Topic 7: Liberation in the African Diaspora. Same as African and African Diaspora Studies 317E (Topic 3). Examination of liberation and freedom struggles in the African diaspora, focusing on common intellectual, political, and social currents among the diaspora's various groups. Course focuses on three major themes: abolitionism, Pan-Africanism and national liberation, and hip hop. Particular emphasis will be on the ideas associated with these movements, and the major organizations and intellectual currents in all three. Only one of the following may be counted: African and African Diaspora Studies 317E (Topic: Liberation in the African Diaspora), 317E (Topic 3), Latin American Studies 310 (Topic: Liberation in the African Diaspora), 310 (Topic 7).

LAS 315. Introductory Topics in Latin American Social Sciences.

Three lecture hours or two lecture hours and one discussion hour a week for one semester. Latin American Studies 310 and 315 may not both be counted unless the topics vary. May be repeated for credit when the topics vary. Prerequisite: Varies with the topic.

Topic 1: Anthropology of Latin America. Same as Anthropology 310L (Topic 3). Provides a framework for understanding contemporary concerns in Latin America. Only one of the following may be counted: Anthropology 310L (Topic 3), Latin American Studies 310 (Topic 4), 315 (Topic 1).
Topic 2: Introduction to Mesoamerican Archaeology. Same as Anthropology 314C. Introduction to ancient Mesoamerica from the time of emerging social inequality in the formative period until the Spanish conquest of Mexico-Tenochtitlan in the sixteenth century. Only one of the following may be counted: Anthropology 310L (Topic 1: Introduction to Mesoamerican Archaeology), 314C, Latin American Studies 310 (Topic 3: Introduction to Mesoamerican Archaeology), 315 (Topic 2).

LAS 319. Geography of Latin America.

Same as Geography 319. Adaptations to population growth and spatial integration in cultural landscapes of great natural and ethnic diversity; problems of frontiers and cities. Three lecture hours a week for one semester.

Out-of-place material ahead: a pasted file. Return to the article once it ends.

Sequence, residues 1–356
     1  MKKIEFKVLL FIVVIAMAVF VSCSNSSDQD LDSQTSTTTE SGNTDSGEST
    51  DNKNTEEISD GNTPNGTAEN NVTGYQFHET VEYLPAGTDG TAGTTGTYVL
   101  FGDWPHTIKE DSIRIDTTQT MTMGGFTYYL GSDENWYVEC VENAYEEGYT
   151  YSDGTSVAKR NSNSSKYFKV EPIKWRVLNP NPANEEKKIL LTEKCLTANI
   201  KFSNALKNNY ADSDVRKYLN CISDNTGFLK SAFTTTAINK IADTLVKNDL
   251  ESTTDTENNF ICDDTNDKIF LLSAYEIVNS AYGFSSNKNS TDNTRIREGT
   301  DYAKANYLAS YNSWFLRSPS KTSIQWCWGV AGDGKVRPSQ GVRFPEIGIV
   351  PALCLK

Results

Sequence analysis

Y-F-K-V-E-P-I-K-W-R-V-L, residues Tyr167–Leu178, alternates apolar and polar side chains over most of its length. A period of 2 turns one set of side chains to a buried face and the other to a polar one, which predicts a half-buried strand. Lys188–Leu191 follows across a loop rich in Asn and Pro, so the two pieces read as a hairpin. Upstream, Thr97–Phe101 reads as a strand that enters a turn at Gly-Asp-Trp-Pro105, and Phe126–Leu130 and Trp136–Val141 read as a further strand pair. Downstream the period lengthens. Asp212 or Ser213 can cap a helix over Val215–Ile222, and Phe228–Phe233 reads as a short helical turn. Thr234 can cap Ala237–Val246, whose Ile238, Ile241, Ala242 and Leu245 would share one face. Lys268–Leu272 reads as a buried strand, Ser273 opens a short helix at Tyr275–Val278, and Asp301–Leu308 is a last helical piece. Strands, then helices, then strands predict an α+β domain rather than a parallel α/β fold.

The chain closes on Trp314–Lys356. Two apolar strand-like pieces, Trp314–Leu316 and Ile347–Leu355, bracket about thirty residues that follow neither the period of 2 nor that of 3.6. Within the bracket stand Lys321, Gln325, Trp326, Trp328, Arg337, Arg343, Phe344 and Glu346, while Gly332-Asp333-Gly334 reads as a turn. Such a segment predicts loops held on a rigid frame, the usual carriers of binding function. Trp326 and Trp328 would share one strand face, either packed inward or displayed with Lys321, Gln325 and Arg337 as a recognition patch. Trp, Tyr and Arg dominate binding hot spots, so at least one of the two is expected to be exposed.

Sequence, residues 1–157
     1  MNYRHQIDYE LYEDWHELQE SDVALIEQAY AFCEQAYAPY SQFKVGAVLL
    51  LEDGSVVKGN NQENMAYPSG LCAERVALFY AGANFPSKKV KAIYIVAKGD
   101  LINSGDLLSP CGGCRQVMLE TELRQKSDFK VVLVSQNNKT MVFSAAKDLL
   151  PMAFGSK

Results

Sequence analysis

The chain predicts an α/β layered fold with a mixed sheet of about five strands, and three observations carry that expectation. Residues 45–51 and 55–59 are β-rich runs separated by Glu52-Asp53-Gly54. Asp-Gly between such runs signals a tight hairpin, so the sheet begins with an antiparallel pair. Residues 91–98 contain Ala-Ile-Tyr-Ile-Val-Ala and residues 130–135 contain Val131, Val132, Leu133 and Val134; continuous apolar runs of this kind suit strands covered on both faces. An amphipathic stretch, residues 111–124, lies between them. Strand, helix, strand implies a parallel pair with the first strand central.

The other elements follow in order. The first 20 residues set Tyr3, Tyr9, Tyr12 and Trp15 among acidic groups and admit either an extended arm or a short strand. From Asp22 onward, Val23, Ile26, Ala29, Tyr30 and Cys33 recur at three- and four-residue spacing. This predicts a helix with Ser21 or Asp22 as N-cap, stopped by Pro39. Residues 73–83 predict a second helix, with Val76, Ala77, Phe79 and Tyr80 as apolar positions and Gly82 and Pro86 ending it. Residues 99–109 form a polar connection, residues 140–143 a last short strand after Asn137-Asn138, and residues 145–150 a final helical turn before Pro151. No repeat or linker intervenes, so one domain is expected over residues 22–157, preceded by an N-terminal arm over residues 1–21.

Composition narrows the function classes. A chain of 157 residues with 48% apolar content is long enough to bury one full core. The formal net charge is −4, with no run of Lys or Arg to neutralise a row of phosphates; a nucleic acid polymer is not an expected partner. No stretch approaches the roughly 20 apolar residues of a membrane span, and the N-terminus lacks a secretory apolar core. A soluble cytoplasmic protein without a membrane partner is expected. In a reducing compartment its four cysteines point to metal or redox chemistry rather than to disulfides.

LAS 119S, 219S, 319S, 419S, 519S, 619S, 719S, 819S, 919S. Topics in Latin American Studies.

This course is used to record credit the student earns while enrolled at another institution in a program administered by the University's Study Abroad Office. Credit is recorded as assigned by the study abroad adviser in Latin American studies. University credit is awarded for work in an exchange program; it may be counted as coursework taken in residence. Transfer credit is awarded for work in an affiliated studies program. May be repeated for credit when the topics vary.

Upper-Division Courses

LAS 322. Topics in Latin American Studies.

Topics vary each semester to allow curriculum flexibility for faculty members and visiting scholars. Three lecture hours a week for one semester. Additional hours are required for some topics. Latin American Studies 322 and 330 may not both be counted unless the topics vary; Latin American Studies 322 and 370P may not both be counted unless the topics vary; Latin American Studies 322 and 370S may not both be counted unless the topics vary. May be repeated for credit when the topics vary. Prerequisite: Varies with the topic.

Topic 9: Business in Emerging Markets. Same as International Business 372 (Topic 2: Business in Emerging Markets) and Middle Eastern Studies 341 (Topic 2: Business in Emerging Markets). Only one of the following may be counted: International Business 372 (Topic 2), Latin American Studies 322 (Topic 9), Middle Eastern Studies 322K (Topic 4: Business in Emerging Markets), 341 (Topic 2). Prerequisite: Upper-division standing.
Topic 10: Minorities and the Media. Issues concerning minority or nondominant groups within the United States. Survey of minority communication problems: alienation, fragmentation, media and Internet access; criticism and feedback for minority groups based on racial/ethnic background, age, sex, disability, social or economic class, and sexual orientation. Only one of the following may be counted: Journalism 340C (Topic 1: Mass Media and Minorities), 341H, 341J, Latin American Studies 322 (Topic 10: Minorities and the Media), Mexican American Studies 374 (Topic 22: Minorities and the Media), Urban Studies 354 (Topic: Minorities and the Media), Women's and Gender Studies 340 (Topic 21). Additional prerequisite: Upper-division standing.